Currently more than 6,000 professionals comprise The Recording Academy Producers & Engineers Wing, which was established for producers, engineers, remixers, manufacturers, technologists, and other related creative and technical professionals in the recording field. This organized voice for the recording community addresses issues that affect the craft of recorded music, including the development and implementation of new technologies, technical guidelines and recommendations, and archiving and preservation initiatives. For more information, please visit www.producersandengineers.com.
source - http://www.prnewswire.com/news-releases/the-recording-academy-producers--engineers-wing-presents-fifth-annual-grammy-week-event-honoring-music-producer-and-executive-jimmy-iovine-136058138.html
Wednesday, 21 December 2011
Thursday, 15 December 2011
With Stillmatic and Hip Hop Is Dead celebrating 10 and 5-year anniversaries next week, Nas speaks on having to hound Dr. Dre for beats and more…
With Hip Hop Is Dead, do you feel like that album marks you becoming an elder statesman in the game?
I didn’t go for that. That’s not what I was looking for, but for an MC point of view and a competitor point of view as an MC, yea, I was with that.
Did you have any reservations about sampling “Iron Butterfly” for the second time because you did it on “Thief’s Theme” before?
No, that was the joke. Hip-hop is dead. I’m gonna do the same beat again from my last album that was my last single. This is gonna be the shit again. And will didn’t even know it at the time, will.i.am when he played it for me and I told him that’s why I have to do this record. For me it was perfect. I know people didn’t get it, but it was my little joke.
The album also marks you working with Dre for the first time in 10 years. How did you guys reconnect?
You know, just hounding Dre ’til you get him. I just had to hound my man, you know what I mean? Once he opened up, he had a moment. I jumped right in there. I flew right in, got in the studio. [I'm] always excited to see him in the studio.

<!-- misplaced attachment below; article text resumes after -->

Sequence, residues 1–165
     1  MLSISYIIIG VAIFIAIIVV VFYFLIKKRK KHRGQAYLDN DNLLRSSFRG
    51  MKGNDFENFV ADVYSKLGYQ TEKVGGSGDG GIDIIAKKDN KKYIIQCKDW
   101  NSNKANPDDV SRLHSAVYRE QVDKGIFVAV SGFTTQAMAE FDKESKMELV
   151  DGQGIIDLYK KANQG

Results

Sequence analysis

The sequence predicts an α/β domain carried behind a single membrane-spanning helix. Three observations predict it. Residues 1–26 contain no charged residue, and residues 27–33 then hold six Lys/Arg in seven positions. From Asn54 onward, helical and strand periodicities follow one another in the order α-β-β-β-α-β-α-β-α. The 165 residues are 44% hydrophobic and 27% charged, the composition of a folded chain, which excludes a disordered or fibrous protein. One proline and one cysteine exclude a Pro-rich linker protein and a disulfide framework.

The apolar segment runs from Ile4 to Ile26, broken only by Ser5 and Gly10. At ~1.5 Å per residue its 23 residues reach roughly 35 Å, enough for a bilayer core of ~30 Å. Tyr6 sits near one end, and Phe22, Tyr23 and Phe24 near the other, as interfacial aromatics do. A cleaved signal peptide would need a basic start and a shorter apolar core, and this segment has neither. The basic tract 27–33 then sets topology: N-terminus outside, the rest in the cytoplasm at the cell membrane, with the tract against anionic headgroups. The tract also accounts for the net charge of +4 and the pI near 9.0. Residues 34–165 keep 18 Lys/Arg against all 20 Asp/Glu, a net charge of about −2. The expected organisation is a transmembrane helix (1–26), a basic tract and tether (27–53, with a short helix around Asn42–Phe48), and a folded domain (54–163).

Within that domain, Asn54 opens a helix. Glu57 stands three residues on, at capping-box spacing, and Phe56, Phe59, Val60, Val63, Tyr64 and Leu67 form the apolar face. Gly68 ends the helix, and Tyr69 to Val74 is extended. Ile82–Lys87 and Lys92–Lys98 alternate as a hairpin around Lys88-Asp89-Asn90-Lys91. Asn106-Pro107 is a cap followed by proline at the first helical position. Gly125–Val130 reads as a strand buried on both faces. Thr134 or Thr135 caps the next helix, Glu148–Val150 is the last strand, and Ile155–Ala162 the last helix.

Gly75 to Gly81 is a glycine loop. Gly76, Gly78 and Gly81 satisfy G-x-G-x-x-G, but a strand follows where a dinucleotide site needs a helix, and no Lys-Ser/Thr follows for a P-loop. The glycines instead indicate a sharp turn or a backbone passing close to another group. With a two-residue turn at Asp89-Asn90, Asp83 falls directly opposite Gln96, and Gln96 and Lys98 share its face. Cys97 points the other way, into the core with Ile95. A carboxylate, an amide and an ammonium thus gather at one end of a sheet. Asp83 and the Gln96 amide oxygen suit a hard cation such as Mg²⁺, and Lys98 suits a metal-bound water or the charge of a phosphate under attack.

Game was on the track, but that was after he got kicked off Aftermath. How did that happen?
That almost didn’t happen, but again, hounding Dre. Staying on him, staying on him, staying on him. “Come on, I need this.” You know, [I] stayed on him.
Was he initially like, “I don’t want to put Game on the track or something like that?
Nah, he never said that. It was just, we wasn’t gettin’ any response. We needed a mix and master the song, so we wasn’t gettin’ any response on anything. We had to stay on him. He’s a busy man.
Tuesday, 13 December 2011
The leader of the C.O.B. movement has a lot on his plate. With a new EP, In None We Trust, out this week and an upcoming Slaughterhouse album out early next year, Crooked I’s ride may not be as shaky now, but it’s certainly moving with some velocity, bringing new challenges to face and to conquer.
DX: Now, another thing you had mentioned was that if you had it your way, Dr. Dre would produce tracks on this album. You also said that you had Dr. Dre beats lying around with Slaughterhouse’s name on it. Today, I’m wondering how that has progressed.
Crooked I: We did record something. You know? We did record something. [Pauses] Eh, I’m never going to be satisfied until I hear like five or six Slaughterhouse/Dr. Dre collabs. That’s just me, though. That’s me being a fan of Dr. Dre since I was a fuckin’ kid. That’s also me understanding that a Slaughterhouse and Dre collab could be potentially 2012-N.W.A. type shit. In my mind, if I was in control of this shit, I don’t want nothing laid back. I don’t want nothing that’s going to be mistaken for a club banger. I want some shit that sounds like straight mothafuckin’ chaos, rebellious lyrics, some I-don’t-give-a-fuck attitude, and some 2012 Dr. Dre/N.W.A. type shit going on in that fuckin’ beat. If you give me that, I guarantee you we’ll shut the fuckin’ game down with them songs. Guaranteed because that’s what’s missing right now: high quality production and I-don’t-give-a-fuck mentality on the mic. Since the recession in Hip Hop, those budgets are smaller now. The budgets are so small right now. It’s funny because I’ve been in the game for so long. Some people are recording whole albums with what we used to call an advance, just for our pockets. So, when they do get that high profile producer, they gotta do something that’s gonna hit iTunes and Billboard heavy, and the radio. So, they gotta get more bang for their buck. That’s why you might hear a high profile producer and an artist making the same kind of songs all the fuckin’ time because the record companies try to get as much bang for their buck for a producer that’s charging them an arm and a leg. But, when you say, “Fuck all of that. Fuck what the radio talkin’ about. Fuck what iTunes’ or Billboard’s talkin’ about. Let’s go in this mothafucka and make some shit, some we-don’t-give-a-fuck shit.” That’s what kind of shit I want to do with Dr. Dre.